Exception 2: Again, life insurance death benefits come under taxation when it becomes part of your estate. It so happens when you retain rights over your insurance plan. For example, if you retain right over your insurance to modify, make changes or take out the cash value, you create what is known as ‘incidence of ownership’. This status will tie you to tax net if the value of your estate crosses the estate tax-exemption limit (around $5.5 million).
Question 2: Do I Have to Pay Tax on Life Insurance Dividend?
General Rule: Participating life insurance, aka, whole life insurance that you buy from a mutual insurance company provides you dividend. This dividend is part of the profit that mutual insurance companies annually share with you as a stakeholder of the company. This dividend is considered return of premium (not to be confused with term plan known as Return of Premium insurance), not income. As a result, you do not have to pay any income tax on the dividend you receive.
Exception: When your dividend stays with the insurer and goes into bringing profit, the profit part will have income tax imposed on it. However, it so happens only when the interest on the dividends crosses your original payment. On the other hand, when your dividend works in the default way, i.e. goes toward the building of the coverage, you will have not tax imposed on it.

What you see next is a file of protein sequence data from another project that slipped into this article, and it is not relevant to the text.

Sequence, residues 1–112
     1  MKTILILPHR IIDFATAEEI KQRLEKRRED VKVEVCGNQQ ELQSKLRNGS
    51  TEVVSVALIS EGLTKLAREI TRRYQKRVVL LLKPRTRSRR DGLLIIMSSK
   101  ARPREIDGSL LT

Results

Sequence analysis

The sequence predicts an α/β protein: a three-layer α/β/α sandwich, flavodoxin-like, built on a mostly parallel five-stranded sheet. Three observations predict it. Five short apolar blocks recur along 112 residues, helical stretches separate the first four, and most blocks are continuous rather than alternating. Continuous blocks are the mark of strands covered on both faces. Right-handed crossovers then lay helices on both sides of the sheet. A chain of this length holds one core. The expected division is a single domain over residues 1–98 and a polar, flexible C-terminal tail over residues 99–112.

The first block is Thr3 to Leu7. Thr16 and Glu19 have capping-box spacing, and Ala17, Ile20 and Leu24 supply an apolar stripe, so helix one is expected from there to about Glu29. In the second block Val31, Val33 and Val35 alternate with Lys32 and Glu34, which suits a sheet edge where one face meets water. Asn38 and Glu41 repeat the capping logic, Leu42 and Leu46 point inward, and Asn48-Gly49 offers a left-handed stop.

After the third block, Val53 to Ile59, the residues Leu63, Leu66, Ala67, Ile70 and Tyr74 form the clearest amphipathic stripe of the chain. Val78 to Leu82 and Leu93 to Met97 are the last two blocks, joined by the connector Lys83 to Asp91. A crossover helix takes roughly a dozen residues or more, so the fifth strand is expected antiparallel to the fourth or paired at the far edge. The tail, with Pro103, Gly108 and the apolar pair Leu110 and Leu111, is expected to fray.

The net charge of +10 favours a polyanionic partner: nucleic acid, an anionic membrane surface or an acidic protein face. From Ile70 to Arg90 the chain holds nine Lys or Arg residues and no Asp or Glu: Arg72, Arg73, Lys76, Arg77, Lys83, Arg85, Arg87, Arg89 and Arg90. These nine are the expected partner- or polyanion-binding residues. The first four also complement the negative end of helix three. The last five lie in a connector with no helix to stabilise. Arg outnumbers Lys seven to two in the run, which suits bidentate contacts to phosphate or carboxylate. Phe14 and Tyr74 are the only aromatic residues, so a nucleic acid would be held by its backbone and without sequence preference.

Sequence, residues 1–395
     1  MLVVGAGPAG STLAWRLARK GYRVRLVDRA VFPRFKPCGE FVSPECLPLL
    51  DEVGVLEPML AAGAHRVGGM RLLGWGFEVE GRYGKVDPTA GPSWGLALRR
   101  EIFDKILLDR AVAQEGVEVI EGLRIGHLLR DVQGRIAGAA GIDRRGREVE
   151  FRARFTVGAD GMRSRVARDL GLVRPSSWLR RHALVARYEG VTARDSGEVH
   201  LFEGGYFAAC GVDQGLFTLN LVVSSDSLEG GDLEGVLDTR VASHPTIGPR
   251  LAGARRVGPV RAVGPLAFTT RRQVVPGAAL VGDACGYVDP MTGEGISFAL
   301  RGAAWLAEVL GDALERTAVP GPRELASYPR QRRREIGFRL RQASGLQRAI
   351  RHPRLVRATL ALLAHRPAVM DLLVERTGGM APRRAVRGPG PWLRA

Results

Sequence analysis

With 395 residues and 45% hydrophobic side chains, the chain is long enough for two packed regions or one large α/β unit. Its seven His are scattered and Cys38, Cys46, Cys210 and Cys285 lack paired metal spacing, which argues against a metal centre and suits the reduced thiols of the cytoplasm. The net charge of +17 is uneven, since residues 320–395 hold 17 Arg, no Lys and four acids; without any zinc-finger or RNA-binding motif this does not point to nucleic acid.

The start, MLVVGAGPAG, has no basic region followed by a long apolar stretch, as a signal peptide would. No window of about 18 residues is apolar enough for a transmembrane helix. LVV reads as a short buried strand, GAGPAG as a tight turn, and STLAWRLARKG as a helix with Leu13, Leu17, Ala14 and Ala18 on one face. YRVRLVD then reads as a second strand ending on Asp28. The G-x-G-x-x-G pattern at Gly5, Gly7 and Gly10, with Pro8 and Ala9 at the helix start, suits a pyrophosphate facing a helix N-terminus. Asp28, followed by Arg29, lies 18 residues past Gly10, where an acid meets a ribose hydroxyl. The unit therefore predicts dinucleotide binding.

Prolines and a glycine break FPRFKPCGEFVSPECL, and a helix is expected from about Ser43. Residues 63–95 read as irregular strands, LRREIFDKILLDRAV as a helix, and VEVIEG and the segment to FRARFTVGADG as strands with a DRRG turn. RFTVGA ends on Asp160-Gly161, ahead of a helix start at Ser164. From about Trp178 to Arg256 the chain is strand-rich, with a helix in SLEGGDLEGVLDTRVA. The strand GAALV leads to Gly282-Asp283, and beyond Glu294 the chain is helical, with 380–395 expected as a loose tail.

Question 3: Is There Tax on Life Insurance Endowment?
General Rule: Endowment life insurance is something that you buy for receiving a lump sum of money after a certain period. After the typical 10 or 20 years has passed, you receive the full coverage of money mentioned in the contract. If you happen to die before the maturity period, the full coverage goes to your heirs. The proceeds that thus you receive from an endowment insurance do come to you tax-free.
Exception: Endowment insurance provides a guaranteed benefit. If the benefit crosses the guaranteed amount, the extra money will have taxes on it.